Every Kid Needs a Champion

I was a teacher for a very long time. But by the time I saw the TED Talk by Rita Pierson explaining why every kid needs a champion, I think I had it all figured out.

Before I flew solo in a classroom of my own, I watched an older teacher approach a difficult situation in the playground. Within minutes she had those tough kids knocking themselves out to do what she had asked.

I was mesmerised. Her explanation was simple:

You catch more flies with honey than vinegar.

I never forgot those words, or their effect on that unruly bunch of students.

Over the ensuing years of my long teaching career, I figured out a lot of things – mostly out of necessity.

Like the year I inherited the group of students no other teacher wanted. There were only about six kids who were the problem – but they were pretty much considered the thugs of the school. And I got them all!

Luckily, a few years earlier, I’d had a much bigger challenge. A really difficult little guy who no teacher wanted. In fact, no school wanted him. Alternate arrangements were made for me to teach him in an off-campus setting.

On the first day I figured out that I had to find something to love about this kid. Okay – at first it came down to how well he breathed. I just loved the way he did that: in – out – in – out.

Eventually I discovered that this ten-year old had a lot going for him – but he’d been totally misunderstood. Together we worked hard on his skills and the following year he graduated into the school I was attached to.

Because every kid needs a champion

So when I got that tough group of kids – it wasn’t a problem. I just found something to love about each one of them. And it worked.

It wasn’t until a few years later that I discovered the wisdom of Rita Pierson. Not only did it validate what I’d already learned, but it gave me the reason why. It made me realise that every kid needs a champion because they often have nobody else in their lives to stand up for them; to have their back; to not give up on them.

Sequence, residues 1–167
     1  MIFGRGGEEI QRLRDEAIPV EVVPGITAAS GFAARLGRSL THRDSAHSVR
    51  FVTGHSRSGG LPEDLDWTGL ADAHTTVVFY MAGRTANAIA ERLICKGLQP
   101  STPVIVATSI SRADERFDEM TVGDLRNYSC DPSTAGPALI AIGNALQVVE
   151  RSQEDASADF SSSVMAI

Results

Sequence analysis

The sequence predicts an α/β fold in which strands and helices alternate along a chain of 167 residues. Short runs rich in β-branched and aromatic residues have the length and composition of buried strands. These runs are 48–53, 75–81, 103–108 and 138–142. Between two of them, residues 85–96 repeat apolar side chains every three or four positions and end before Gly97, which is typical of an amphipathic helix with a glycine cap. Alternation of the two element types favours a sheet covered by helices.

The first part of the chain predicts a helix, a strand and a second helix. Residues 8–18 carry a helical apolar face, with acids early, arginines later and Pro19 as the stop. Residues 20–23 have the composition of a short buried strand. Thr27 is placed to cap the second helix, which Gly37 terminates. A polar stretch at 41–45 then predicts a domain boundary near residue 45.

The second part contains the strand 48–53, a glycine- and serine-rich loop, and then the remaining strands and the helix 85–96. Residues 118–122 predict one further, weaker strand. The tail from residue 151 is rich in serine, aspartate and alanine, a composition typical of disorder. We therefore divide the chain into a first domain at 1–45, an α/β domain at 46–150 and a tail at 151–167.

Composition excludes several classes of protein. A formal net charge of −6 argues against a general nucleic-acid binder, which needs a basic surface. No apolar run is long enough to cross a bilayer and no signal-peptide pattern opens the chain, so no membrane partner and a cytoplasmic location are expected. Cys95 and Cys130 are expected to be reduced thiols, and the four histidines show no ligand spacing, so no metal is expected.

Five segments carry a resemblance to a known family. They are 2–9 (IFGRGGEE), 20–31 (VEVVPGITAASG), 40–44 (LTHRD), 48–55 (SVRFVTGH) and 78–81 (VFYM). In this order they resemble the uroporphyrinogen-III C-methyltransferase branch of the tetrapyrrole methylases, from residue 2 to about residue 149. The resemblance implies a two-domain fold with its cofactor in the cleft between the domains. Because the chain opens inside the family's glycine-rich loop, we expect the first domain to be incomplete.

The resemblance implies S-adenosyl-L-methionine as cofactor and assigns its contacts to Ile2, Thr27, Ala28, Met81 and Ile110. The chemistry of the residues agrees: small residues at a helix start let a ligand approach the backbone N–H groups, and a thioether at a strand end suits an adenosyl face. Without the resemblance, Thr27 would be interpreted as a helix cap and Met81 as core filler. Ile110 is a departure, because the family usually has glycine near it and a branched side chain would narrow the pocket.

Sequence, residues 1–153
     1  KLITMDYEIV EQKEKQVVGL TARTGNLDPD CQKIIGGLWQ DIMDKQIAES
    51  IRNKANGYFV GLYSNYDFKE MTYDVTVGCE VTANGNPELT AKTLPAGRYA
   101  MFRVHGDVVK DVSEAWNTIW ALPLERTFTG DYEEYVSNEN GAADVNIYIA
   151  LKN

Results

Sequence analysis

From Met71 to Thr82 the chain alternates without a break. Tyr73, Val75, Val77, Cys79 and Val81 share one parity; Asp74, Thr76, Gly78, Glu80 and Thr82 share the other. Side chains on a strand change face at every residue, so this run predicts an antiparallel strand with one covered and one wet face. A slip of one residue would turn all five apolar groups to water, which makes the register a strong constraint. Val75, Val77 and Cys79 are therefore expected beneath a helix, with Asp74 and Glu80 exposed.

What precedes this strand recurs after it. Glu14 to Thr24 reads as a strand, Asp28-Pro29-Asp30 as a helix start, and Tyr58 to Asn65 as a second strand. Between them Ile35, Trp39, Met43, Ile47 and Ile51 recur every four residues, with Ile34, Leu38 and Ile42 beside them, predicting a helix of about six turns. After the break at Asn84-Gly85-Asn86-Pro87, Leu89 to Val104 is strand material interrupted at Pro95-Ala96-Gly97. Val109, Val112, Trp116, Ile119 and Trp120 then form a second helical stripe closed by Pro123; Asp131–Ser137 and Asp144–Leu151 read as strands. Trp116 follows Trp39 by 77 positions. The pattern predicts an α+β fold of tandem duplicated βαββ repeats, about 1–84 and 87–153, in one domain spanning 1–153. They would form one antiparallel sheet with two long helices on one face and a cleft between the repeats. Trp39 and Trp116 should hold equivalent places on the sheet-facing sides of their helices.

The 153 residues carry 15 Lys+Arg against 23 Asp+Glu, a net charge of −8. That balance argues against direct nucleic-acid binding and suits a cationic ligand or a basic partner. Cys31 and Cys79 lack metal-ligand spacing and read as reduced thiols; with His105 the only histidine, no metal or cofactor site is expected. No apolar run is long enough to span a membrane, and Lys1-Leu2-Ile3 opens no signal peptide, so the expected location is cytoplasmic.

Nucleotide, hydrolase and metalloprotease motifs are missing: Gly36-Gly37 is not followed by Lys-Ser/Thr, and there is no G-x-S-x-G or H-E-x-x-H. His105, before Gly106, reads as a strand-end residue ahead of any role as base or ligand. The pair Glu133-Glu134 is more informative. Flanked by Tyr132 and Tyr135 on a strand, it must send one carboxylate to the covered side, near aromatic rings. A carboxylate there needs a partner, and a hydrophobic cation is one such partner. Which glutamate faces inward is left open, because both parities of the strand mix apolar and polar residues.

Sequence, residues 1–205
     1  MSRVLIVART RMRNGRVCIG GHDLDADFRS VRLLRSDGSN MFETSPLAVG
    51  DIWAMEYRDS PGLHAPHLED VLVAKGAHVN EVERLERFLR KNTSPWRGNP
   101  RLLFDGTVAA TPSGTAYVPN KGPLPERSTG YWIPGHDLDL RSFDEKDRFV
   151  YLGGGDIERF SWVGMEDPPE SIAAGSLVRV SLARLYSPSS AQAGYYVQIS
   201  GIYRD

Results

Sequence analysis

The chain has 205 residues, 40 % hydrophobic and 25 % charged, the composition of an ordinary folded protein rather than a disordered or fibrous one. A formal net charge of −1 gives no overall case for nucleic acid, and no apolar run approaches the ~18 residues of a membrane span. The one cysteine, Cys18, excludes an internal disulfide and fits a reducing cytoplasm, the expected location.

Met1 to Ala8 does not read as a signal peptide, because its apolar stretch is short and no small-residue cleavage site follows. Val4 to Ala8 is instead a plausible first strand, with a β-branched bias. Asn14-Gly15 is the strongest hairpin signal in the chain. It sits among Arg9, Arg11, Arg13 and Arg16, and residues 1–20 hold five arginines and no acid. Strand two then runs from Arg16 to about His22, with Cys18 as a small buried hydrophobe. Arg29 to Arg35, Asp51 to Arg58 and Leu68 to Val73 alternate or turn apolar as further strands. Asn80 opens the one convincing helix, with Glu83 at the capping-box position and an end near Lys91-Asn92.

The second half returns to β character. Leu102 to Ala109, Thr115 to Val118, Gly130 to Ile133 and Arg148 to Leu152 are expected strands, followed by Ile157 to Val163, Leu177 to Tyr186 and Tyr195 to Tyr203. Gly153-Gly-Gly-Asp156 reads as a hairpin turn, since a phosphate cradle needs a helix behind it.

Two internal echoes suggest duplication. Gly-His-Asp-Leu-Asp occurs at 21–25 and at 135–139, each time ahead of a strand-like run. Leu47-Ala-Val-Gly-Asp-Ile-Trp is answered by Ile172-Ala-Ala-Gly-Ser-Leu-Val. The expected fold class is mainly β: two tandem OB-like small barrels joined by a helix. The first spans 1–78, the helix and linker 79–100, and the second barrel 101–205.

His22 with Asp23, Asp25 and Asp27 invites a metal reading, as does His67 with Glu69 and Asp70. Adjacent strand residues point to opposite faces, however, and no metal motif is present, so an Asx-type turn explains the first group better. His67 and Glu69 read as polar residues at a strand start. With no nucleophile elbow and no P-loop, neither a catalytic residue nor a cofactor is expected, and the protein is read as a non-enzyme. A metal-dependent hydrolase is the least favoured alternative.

And at the end of that first year with those tough kids I went to the Principal’s office with a whole bunch of research to show why a teacher should move up with their class. He laughed.

“Are you kidding?”, he said. “Nobody else wants those kids. They’re all yours!”.

I stayed with that group for three years. And loved every minute of it.

After watching Rita’s TED Talk, I figured it out. I had become the champion for those kids. The one who believed in them. The one who had tears of pride in her eyes when my reluctant non-reader read his first book to the Principal. The one who secretly laughed inside when the class made their own classroom rules and insisted on much tougher penalties than I ever would have. And the same one who missed five minutes of break-time when I broke one of the rules. Those kids were tough disciplinarians! But it worked.

So whether you are a teacher or a parent, take seven minutes out of your busy life to watch Rita Pierson deliver this passionate (and humorous) TED Talk.

Tip: Watch for Sir Ken Robinson in the audience, as well as a few other notable faces.

And if you know a teacher – make sure you share.


Owner and Administrator of website: maureendurney.com

This Post Has 2 Comments

  1. sallyeberhardt

    Love this so much! What a huge impact you had on those children! You changed the course of their life.

    1. Maureen

      Thanks Sally. I think they changed mine too. I learned so much from them. It was a great experience. I love watching the Rita Pierson TED Talk. She is such an inspiration.

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